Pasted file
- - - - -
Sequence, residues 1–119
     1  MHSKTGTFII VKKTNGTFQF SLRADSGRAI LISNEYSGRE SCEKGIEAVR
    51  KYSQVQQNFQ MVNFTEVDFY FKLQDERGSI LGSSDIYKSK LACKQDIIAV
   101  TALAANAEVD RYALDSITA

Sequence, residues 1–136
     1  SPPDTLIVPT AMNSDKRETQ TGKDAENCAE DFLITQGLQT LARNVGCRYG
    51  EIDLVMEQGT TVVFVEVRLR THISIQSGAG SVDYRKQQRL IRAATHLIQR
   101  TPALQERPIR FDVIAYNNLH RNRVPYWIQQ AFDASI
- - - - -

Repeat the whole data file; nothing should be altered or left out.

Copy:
Sequence, residues 1–119
     1  MHSKTGTFII VKKTNGTFQF SLRADSGRAI LISNEYSGRE SCEKGIEAVR
    51  KYSQVQQNFQ MVNFTEVDFY FKLQDERGSI LGSSDIYKSK LACKQDIIAV
   101  TALAANAEVD RYALDSITA

Sequence, residues 1–136
     1  SPPDTLIVPT AMNSDKRETQ TGKDAENCAE DFLITQGLQT LARNVGCRYG
    51  EIDLVMEQGT TVVFVEVRLR THISIQSGAG SVDYRKQQRL IRAATHLIQR
   101  TPALQERPIR FDVIAYNNLH RNRVPYWIQQ AFDASI